history

 

History of the Armed Forces Radiobiology Research Institute

The 1958 voluntary moratorium on aboveground nuclear weapons testing resulted in a need for a laboratory-based capability to simulate the prompt and delayed radiations from a nuclear detonation. This capability would serve as a means of corroborating and extending results obtained from field-based experiments as well as furnishing an opportunity to confirm proposed field tests. Up until this time many U.S. nuclear weapons tests included experiments to study the biological effects associated with ionizing radiation exposure.

In August 1958 the U.S. Navy’s Bureau of Medicine and Surgery proposed to the Armed Forces Special Weapons Project [(AFSWP) now Defense Threat Reduction Agency] that a research facility be established at the National Naval Medical Center (now Walter Reed National Military Medical Center) to meet this need.

The rationale for the establishment of AFRRI was based on two cold war ground realities of that time; one: the threat scenario of numerous Soviet infantry divisions overcoming the Fulda Gap defenses in West Germany and overtaking western Europe, and two: the use of nuclear weapons on the battlefield by the NATO forces, particularly enhanced radiation weapons rich in neutron output, to halt such a massive assault from the Warsaw Pact countries.

 

President John F. Kennedy
Kennedy Letter

 

On May 12, 1961 the Department of Defense issued a directive and the then Secretary of Defense Robert McNamara formally established the Armed Forces Radiobiology Research Institute (AFRRI or “The Institute”) to conduct scientific research in the field of radiobiology in order to “preserve the health and performance of U.S. military personnel and to protect humankind through research that advances understanding of the effects of ionizing radiation”.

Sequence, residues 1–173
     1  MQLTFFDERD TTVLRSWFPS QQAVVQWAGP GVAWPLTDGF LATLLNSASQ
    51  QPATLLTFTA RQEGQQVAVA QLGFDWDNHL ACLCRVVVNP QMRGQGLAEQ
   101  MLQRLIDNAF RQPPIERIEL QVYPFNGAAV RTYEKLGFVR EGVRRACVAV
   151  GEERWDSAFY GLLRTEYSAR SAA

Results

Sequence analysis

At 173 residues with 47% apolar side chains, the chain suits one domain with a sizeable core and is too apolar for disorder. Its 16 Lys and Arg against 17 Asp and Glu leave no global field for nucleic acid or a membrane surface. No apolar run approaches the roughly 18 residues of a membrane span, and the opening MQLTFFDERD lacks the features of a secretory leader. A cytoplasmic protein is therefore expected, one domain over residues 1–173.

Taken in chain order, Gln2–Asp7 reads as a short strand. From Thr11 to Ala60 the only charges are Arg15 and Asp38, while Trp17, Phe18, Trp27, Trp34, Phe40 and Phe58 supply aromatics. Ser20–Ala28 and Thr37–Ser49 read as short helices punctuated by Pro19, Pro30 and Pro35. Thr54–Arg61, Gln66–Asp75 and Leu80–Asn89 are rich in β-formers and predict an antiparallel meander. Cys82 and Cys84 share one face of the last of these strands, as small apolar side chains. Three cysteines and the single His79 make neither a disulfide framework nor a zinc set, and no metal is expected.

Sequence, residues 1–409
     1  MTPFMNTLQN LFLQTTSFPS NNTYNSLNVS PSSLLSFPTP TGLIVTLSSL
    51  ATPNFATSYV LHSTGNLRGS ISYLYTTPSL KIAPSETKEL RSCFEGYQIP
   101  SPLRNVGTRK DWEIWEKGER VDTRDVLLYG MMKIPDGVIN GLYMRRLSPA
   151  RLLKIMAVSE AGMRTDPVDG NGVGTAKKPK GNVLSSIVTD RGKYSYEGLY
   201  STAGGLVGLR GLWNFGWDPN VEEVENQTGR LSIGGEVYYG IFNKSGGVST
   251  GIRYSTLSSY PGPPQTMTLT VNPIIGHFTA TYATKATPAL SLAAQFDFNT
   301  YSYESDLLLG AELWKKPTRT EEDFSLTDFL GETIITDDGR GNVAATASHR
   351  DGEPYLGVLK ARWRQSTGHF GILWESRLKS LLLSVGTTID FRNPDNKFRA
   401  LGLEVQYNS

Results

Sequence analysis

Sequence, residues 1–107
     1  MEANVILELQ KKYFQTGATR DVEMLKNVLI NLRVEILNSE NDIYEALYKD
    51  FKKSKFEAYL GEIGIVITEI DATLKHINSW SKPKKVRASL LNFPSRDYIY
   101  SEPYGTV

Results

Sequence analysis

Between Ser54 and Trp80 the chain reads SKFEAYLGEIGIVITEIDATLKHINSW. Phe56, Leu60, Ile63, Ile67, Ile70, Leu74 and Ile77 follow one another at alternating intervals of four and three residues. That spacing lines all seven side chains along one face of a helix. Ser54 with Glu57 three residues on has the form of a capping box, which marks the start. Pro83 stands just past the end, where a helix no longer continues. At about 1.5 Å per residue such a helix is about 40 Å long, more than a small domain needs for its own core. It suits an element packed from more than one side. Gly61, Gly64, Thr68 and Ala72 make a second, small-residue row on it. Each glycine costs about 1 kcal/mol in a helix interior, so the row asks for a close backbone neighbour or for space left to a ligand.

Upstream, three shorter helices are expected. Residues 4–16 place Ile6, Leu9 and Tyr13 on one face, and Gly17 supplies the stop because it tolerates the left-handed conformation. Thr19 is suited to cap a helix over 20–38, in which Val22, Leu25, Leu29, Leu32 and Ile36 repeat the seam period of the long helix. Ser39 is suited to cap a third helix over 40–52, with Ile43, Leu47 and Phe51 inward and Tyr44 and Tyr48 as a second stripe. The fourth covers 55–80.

The following three paragraphs of the directive are quoted in their entirety:

  1. "The Institute shall serve primarily as radiobiology research laboratories for the Department of Defense. The National Institutes of Health, Atomic Energy Commission, and other federal and civilian institutions may utilize the laboratories as agreed upon by the Secretary of Defense or his designee."
  2. "The mission of the Institute shall he to conduct scientific research in the field of radiobiology and related matters that are essential to the support of the United States military services, to national welfare, and to the well-being of mankind."
  3. "Under Department of Defense policies, the Institute shall:

  1. Provide facilities for research on the biological effects of ionizing radiation.
  2. Conduct advanced training and educational programs.
  3. Provide facilities for radioisotope production.
  4. Perform such other functions as may he assigned."

On July 31, 1962 the Commanding Officer, National Naval Medical Center assumed military command of AFRRI. On September 1, 1964 the Director, Defense Atomic Support Agency [(DASA) previously AFSWP] assumed command and administrative control. AFRRI operated under DASA and its successor organizations until October 1, 1993 when AFRRI was realigned with the Uniformed Service University of the Health Sciences (USUHS).

Since its founding at the height of the cold war AFRRI has conducted basic and applied research with broad application to the field of radiation sciences. Core areas of study include prevention, assessment, and treatment of radiological injuries over a wide range of absorbed doses.

AFRRI is a Unique National Asset. It is U.S. Department of Defense’s only medical research and development facility dedicated to nuclear and radiological defense. The Institute’s touchstone research projects include biodosimetry, combined injury, internal contamination and metal toxicity, effects of low dose radiation, and radiation medical countermeasures development. It routinely collaborates with other military and government organizations in the arenas of civilian radiological-accident response and with NASA on the safety of astronauts exposed to cosmic radiation.